And when the comeback came I was looking at it and thought that's not what I was told and went back over my information and realised they hadn't given me the whole tape - I'll never forgive the guy for that.

Roughly how many hours of sleep do you get every night?

Four-and-a-half - on a good night.

Then again, if I get a chance to have a siesta during the day, travelling and what have you, I take the chance. You only need 25 minutes, 30 minutes and it's like three hours at night.

And also though I've always had this perspective, by my reckoning a lot of people I know would've slept one-third of their life.

Now when you think about, say, you live to 90 - you've been asleep for 30 years. That's one huge regret they must have - well, I'm not going to settle for that.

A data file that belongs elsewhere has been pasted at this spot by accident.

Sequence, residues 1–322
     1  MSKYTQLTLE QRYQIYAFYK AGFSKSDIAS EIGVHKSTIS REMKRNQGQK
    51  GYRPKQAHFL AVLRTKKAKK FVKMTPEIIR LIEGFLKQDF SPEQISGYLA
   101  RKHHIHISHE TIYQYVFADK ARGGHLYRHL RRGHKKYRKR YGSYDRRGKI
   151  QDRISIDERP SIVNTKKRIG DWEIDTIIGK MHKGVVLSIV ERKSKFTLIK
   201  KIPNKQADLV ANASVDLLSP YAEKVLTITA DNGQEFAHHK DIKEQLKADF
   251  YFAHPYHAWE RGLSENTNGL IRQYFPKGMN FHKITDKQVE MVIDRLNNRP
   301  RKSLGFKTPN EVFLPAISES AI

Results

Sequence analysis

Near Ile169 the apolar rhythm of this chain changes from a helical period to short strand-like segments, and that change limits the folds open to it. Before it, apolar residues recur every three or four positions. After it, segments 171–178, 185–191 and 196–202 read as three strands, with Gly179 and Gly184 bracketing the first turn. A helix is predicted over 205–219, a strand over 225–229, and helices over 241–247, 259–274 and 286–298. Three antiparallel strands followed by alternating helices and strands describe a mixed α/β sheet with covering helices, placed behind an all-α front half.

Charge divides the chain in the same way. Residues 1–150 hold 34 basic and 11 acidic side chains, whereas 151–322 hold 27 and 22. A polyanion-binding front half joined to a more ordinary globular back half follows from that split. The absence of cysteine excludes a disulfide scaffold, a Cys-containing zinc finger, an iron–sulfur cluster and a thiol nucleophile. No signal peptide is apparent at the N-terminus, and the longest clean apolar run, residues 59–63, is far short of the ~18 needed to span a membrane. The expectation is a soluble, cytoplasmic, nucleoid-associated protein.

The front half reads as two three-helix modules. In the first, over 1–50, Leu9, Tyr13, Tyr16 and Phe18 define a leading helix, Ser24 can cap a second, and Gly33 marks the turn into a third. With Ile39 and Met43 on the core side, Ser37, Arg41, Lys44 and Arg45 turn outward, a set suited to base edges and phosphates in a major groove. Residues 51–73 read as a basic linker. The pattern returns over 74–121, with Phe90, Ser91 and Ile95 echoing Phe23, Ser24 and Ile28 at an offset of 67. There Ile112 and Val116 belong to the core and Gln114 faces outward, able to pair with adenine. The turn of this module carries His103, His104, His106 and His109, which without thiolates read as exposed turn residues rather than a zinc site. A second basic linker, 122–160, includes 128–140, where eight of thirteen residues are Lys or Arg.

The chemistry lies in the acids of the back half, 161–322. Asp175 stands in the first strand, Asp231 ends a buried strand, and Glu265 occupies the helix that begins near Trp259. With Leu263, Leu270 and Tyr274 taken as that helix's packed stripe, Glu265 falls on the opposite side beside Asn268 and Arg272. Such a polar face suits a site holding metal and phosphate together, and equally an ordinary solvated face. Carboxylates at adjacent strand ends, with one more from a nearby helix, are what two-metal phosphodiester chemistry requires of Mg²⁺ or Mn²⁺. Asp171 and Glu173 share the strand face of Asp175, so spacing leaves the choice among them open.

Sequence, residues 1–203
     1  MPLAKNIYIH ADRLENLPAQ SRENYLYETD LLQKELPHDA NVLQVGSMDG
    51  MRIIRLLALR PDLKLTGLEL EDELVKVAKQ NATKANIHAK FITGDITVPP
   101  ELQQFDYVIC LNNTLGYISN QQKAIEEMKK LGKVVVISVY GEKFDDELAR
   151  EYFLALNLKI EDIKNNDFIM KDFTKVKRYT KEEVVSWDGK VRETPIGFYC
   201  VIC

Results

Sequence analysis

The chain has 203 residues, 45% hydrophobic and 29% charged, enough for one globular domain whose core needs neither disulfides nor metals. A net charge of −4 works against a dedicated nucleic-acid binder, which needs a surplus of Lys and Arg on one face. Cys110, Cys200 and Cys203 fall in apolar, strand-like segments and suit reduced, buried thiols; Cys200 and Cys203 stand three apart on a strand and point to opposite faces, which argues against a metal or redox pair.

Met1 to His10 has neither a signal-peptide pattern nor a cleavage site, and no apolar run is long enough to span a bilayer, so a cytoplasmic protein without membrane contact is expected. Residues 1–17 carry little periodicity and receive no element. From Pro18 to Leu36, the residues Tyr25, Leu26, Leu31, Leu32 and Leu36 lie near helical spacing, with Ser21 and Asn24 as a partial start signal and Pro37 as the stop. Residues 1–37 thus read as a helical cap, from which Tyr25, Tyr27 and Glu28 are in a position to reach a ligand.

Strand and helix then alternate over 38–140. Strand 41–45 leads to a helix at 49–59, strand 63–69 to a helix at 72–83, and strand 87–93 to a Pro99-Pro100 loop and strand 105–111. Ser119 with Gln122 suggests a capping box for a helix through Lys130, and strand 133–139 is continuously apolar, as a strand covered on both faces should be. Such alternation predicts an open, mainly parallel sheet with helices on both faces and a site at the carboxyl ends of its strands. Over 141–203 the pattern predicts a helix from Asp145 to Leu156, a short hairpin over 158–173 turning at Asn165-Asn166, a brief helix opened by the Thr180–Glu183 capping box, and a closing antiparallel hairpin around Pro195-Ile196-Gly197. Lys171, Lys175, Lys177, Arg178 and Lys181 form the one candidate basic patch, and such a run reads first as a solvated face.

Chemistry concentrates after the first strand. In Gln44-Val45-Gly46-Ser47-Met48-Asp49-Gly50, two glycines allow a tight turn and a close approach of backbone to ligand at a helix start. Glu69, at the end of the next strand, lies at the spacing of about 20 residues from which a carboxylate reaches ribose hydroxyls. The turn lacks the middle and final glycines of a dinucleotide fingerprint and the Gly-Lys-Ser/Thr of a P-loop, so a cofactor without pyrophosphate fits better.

Which three MPs from other parties would you invite to dinner?

That's a bit unfair on a lot of them because I think there's a quite a few of them that would be interesting dinner guests.

It's a process of elimination really and still I wouldn't be happy with that because there's more than three.

Interesting people, well, first of all, I have enormous time for Annette King.

Annette King is a decent, honest person, a seriously underrated person at the same time, and she's shown a lot of character in her time in politics - and having been opposing her as a spokesperson when she was a minister and things like that, I really came to think, I don't want to be doing this portfolio any longer because I don't like what I'm doing.

I want to find someone I don't like as much in terms of character.

David Shearer was a person I seriously liked - he had a lot of character.

Clayton Cosgrove is a fascinating guy as well and has got a good business background.